European Wilderness Society

Are Real or Fake Christmas Trees Better?

The production of a fake Christmas tree involves higher CO2 emissions than a natural one, even without taking into account the transport. Not only can real trees represent a better alternative from a sustainable and environmental point of view, but also for better effects on a local scale.

December, time to put up your Christmas tree

As Christmas is approaching, many households are getting ready for this holiday season. One of the most important elements, besides lights, candles and festive decorations, is the Christmas tree. The right time for a tree to go up spans from early December until Christmas, based on the customs and traditions of each country. Adorned with sparkling baubles and twinkling lights, they become the centrepiece of our houses during the festivities. Even more so when we place our wrapped gifts underneath. Seeing as the Christmas tree is such a focal point in our celebrations, getting it right is important.  And every year, the same dilemma surfaces: is a real or a fake Christmas tree better?

A comparison between real and artificial trees

Some of the factors to consider when choosing a tree include cost, convenience, safety, aesthetic and sensory experiences. One of the greatest benefits of an artificial tree is the cost since it can be reused year after year, which can save money in the long run. In addition to this, they can be stored at the end of the season and simply taken out for the following one instead of the hassle of going out and getting a real one. Due to the fact that real trees can become quite flammable as they dry out, artificial trees represent a flame retardant option too. Other clear advantages are that they don’t represent allergy triggers as well as they don’t drop needles and dirt in the house.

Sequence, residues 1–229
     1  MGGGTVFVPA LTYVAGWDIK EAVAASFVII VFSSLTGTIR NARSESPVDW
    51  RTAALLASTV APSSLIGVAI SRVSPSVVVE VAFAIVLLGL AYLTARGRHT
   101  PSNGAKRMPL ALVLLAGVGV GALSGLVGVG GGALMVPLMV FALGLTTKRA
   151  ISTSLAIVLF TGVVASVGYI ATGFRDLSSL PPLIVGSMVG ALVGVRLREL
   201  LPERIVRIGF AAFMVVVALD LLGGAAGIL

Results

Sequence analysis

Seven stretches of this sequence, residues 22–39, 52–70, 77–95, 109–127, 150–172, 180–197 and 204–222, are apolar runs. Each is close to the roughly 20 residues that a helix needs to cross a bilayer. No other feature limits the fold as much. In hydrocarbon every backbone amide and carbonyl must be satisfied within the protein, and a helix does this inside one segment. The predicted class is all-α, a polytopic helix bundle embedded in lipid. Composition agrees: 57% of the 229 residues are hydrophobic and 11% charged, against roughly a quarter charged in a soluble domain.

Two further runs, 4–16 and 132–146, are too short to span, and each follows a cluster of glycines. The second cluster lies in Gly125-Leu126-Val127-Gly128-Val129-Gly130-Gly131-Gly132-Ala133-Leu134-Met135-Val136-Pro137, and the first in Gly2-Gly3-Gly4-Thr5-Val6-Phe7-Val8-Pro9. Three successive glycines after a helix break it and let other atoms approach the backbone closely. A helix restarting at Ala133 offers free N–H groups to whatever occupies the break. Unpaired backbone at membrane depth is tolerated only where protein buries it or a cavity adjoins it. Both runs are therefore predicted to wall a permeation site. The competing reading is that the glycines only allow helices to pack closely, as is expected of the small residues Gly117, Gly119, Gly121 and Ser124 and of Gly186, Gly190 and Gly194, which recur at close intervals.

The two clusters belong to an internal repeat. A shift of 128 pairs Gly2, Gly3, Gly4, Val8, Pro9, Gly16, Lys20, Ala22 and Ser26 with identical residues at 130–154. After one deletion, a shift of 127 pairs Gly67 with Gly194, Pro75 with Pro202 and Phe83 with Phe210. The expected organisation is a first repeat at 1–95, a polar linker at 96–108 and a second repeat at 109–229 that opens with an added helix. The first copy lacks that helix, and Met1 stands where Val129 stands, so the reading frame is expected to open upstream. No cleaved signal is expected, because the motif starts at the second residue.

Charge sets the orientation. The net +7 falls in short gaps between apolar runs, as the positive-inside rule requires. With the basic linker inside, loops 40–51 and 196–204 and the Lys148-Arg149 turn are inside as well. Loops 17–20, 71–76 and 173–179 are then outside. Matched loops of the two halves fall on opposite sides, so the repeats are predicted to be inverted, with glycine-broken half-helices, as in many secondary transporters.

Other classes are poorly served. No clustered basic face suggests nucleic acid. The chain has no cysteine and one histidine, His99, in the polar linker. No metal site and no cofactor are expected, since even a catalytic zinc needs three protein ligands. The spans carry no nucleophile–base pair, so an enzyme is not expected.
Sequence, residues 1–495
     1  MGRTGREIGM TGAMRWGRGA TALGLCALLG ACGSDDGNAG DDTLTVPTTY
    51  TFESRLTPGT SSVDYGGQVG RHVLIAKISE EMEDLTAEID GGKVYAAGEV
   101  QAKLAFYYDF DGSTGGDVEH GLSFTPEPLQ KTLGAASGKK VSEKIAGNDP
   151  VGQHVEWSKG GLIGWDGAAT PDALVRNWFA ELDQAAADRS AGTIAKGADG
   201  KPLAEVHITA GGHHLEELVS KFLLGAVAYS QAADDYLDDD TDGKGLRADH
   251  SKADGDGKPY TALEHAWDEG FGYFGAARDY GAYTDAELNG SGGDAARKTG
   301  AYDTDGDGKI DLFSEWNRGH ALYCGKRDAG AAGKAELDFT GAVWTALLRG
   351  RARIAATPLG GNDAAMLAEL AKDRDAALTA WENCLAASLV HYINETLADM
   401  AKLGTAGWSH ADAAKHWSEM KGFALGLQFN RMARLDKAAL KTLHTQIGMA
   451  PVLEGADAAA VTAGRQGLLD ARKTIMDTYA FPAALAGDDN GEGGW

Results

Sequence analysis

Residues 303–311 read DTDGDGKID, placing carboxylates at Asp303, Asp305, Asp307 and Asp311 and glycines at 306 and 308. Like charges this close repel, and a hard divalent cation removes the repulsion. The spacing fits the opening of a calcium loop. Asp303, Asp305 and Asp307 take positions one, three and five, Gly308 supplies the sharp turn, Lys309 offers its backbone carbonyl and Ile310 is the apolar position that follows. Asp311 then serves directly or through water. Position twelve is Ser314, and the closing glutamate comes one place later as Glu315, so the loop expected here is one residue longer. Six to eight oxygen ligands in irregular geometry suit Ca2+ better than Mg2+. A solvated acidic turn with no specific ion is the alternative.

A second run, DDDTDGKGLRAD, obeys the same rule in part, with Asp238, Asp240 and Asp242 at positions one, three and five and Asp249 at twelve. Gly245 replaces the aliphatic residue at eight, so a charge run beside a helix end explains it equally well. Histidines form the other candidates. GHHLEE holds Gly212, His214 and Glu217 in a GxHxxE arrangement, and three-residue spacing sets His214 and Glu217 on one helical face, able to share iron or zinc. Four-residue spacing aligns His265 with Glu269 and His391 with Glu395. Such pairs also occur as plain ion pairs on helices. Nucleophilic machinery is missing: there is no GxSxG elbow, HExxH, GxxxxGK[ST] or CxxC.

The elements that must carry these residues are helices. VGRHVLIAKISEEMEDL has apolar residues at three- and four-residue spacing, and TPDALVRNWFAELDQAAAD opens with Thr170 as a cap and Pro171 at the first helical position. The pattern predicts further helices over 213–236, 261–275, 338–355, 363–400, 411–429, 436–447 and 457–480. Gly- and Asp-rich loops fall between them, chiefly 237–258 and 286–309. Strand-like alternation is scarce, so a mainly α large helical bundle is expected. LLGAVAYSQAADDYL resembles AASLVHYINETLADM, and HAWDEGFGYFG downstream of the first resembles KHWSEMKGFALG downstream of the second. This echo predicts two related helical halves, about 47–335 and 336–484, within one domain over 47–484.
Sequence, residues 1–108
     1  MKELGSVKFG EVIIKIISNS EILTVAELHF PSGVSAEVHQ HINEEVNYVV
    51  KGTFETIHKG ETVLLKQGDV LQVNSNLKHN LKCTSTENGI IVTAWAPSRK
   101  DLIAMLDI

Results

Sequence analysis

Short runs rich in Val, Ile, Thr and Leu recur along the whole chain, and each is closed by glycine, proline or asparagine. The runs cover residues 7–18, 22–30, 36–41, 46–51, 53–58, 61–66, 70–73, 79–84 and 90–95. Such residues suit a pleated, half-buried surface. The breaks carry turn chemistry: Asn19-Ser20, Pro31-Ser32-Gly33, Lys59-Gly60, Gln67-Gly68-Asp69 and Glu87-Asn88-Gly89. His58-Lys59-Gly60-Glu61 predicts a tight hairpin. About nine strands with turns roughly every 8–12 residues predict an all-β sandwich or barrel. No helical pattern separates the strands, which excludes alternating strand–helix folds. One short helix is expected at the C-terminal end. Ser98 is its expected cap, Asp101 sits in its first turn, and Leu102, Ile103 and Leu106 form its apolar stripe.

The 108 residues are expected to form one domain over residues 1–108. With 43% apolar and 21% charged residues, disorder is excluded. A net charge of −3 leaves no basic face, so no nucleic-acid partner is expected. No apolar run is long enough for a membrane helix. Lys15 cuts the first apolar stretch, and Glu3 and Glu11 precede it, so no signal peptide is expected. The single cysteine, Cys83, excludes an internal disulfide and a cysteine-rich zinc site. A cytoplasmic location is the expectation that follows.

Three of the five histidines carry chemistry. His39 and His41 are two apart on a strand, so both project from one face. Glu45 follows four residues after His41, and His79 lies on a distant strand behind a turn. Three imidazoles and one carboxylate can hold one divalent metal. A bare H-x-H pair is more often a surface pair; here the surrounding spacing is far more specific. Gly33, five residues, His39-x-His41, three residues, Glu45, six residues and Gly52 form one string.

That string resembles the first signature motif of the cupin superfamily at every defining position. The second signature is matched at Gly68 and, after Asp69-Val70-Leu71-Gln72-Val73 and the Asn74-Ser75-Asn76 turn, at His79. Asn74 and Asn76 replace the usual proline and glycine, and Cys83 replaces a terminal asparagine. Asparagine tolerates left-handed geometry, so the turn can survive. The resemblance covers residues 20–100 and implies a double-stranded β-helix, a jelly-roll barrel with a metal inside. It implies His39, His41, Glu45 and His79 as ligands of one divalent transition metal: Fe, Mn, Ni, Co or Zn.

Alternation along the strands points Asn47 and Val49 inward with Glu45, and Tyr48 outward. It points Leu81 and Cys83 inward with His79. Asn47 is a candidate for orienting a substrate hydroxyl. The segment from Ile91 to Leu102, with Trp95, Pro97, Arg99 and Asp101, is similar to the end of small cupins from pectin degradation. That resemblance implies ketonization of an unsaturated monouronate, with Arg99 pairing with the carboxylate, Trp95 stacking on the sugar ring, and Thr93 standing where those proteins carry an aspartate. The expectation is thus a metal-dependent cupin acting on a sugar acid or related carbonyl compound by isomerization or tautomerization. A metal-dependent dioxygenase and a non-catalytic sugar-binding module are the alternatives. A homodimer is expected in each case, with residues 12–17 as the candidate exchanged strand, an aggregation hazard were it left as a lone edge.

On the other hand, there are also various reasons to choose a real tree over a fake one.

Usually, trees used for Christmas have been grown specifically for this use and have been farmed responsibly. Hence, no forest is harmed when a tree is sold. This also means that, for every tree that gets cut or potted, new trees are usually planted. Furthermore, buying a real one can often be a way to support rural and agricultural communities for which growing Christmas trees represents an important source of income, rather than supporting companies that produce artificial trees, often based in other countries or even continents. What really differentiates the experience of a real one is actually its look, texture and resin smell, which makes them so special and unique. The process of buying a real tree can also represent a part of the Christmas preparations and therefore a fundamental part of the holidays.

But, besides all these points listed above and many others that haven’t, which option is the most sustainable option?

Christmas trees from the perspective of sustainability

Over the last years, rough estimates calculated that an artificial tree had a carbon footprint equivalent to more than twice that of a real tree that ends its life in landfill. Compared to real trees that are burnt, turned into compost or used to grind into mulch, that goes up to even more than 10 times. This is because natural trees in landfills decompose and release methane gas, which is more than 25 times as potent as carbon dioxide at trapping heat in the atmosphere. Consequently, artificial trees need to be reused for at least 10 Christmases to keep their environmental impact lower than that of one real tree. In addition to this, fake trees are often not (fully) recyclable.